Independence Day for Toxic Chemicals?


As we celebrate the 4th of July, I don't have to reach very far to connect today's debate on chemical safety reform with the themes of freedom and independence. That's because right now, a bill before the US Senate would strip away an important right from state governments: the right to protect their own citizens from exposure to toxic chemicals.

Let's back up for a moment. There is no doubt that TSCA, the current US law governing chemicals is outdated and ineffective, and requires reform. Reform should provide the US EPA with real authority to protect vulnerable populations from harmful exposures to toxic chemicals, and that the EPA should be evaluating the safety of chemicals using the best science. Under the current law, the EPA has only been able to evaluate the safety of about 200 chemicals out of over 80,000 that exist in the market, and doesn't even have the authority to restrict asbestos - so that tells you something.

But while we work to reform TSCA, we must also avoid a situation in which the federal government overreaches on state authority, blocking states from taking action on chemicals that the US EPA hasn't even acted on yet. When the federal government overrides the states on something, its called "preemption." 

Here's how preemption would work under S. 697, the TSCA reform bill currently before the US Senate. Under this bill, the EPA will review the safety of 25 chemicals every 8 years. (This is a very slow schedule, considering that over 80,000 chemicals exist on the market, with new chemicals being introduced all the time.) While the EPA moves along at a snail's pace, states would be blocked from restricting any of those 25 chemicals.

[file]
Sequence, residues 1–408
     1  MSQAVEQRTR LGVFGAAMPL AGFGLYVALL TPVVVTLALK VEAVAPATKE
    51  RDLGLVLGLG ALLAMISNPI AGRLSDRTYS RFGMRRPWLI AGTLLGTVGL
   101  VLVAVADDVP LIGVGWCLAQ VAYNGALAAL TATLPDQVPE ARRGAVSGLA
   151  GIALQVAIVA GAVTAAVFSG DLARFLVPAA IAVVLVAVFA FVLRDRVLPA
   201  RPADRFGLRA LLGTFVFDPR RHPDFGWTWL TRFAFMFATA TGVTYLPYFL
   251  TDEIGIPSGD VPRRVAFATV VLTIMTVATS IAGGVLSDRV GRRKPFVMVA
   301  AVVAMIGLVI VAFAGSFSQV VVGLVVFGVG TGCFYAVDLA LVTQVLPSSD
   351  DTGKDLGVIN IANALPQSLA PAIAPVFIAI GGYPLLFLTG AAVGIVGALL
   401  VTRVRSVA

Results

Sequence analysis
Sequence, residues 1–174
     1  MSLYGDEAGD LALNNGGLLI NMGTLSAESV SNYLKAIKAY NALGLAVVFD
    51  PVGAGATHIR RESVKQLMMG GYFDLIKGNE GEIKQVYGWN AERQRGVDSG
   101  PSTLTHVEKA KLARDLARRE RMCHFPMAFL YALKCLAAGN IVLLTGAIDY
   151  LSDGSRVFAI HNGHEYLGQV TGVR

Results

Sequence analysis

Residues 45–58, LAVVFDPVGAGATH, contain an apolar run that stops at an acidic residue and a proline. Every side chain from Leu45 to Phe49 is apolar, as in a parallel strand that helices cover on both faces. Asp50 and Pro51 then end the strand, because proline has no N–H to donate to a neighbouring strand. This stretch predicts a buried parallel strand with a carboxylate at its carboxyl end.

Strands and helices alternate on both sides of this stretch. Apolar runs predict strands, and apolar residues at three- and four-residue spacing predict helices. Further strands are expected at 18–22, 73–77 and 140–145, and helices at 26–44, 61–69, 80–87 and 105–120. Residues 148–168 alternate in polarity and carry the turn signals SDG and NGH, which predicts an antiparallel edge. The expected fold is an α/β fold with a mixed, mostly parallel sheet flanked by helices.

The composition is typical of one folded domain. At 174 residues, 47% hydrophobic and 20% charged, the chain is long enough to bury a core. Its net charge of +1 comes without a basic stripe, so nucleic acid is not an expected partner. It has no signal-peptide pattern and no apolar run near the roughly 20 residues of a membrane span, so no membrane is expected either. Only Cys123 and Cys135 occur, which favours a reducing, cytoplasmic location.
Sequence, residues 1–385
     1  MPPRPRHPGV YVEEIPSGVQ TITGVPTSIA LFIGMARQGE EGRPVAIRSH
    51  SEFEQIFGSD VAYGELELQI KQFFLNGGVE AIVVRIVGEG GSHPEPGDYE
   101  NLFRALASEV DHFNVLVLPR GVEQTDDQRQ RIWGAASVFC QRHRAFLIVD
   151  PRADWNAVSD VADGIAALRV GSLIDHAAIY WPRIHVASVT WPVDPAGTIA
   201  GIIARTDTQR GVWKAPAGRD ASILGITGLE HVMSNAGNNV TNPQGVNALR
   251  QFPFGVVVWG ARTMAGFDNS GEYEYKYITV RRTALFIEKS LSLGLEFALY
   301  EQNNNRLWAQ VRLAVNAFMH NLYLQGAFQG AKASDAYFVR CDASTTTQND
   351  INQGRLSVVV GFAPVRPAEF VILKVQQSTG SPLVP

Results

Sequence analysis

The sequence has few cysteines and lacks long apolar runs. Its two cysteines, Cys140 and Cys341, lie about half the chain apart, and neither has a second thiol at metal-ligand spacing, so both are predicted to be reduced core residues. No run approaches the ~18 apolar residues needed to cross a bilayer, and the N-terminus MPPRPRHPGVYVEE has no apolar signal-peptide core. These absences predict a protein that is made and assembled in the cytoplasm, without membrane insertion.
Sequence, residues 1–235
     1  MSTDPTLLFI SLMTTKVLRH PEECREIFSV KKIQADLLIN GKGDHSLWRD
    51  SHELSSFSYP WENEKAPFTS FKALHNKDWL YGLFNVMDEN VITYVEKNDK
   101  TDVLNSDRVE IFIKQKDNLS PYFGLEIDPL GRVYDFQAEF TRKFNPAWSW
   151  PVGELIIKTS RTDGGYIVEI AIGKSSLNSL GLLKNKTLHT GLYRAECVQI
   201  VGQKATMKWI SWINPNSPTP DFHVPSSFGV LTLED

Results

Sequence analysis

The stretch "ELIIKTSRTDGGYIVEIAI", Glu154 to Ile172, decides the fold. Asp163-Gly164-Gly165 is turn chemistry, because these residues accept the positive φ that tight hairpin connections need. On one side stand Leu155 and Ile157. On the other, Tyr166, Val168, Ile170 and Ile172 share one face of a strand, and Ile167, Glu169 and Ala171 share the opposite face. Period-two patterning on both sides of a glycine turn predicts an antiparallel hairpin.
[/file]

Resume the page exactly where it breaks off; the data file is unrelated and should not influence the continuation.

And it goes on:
That means that the chemicals that are the highest priority because they made the US EPA's list of top 25 will be off limits to states who want to enact phase-outs of those chemicals at home.

We have a lot to lose if the preemption provision in S. 679 passes into law. 

In Maine, its possible that we would never have been able to pass the laws that have helped keep our people safer: we've phased out BPA from baby bottles and sippy cups in 2011, and brominated flame retardant chemicals from furniture and other products in 2006 - all of this could have been blocked if this federal preemption had been in place. This year we saw dozens of states around the country passing laws to phase out other toxic flame retardants from household products. This is progress we can't afford to lose.

States should have the freedom to act on the science that is there in front of us. We shouldn't be delayed by the federal government's own slow processes.

The good news is that there is another reform proposal on the table. The House version of TSCA reform, H.R. 2576, just passed the US House by a walloping 398 - 1 vote, would get our US EPA on track to start evaluating the safety of chemicals every year, while leaving the states to continue doing their own work. There's more work to be done to improve this bill too, but its a much better starting point for overhauling our chemical safety laws. 

So enjoy your July 4th holiday, and when we return we'll be calling on Congress to pass a law that gives states real freedom to take action on the worst chemicals that threaten our health.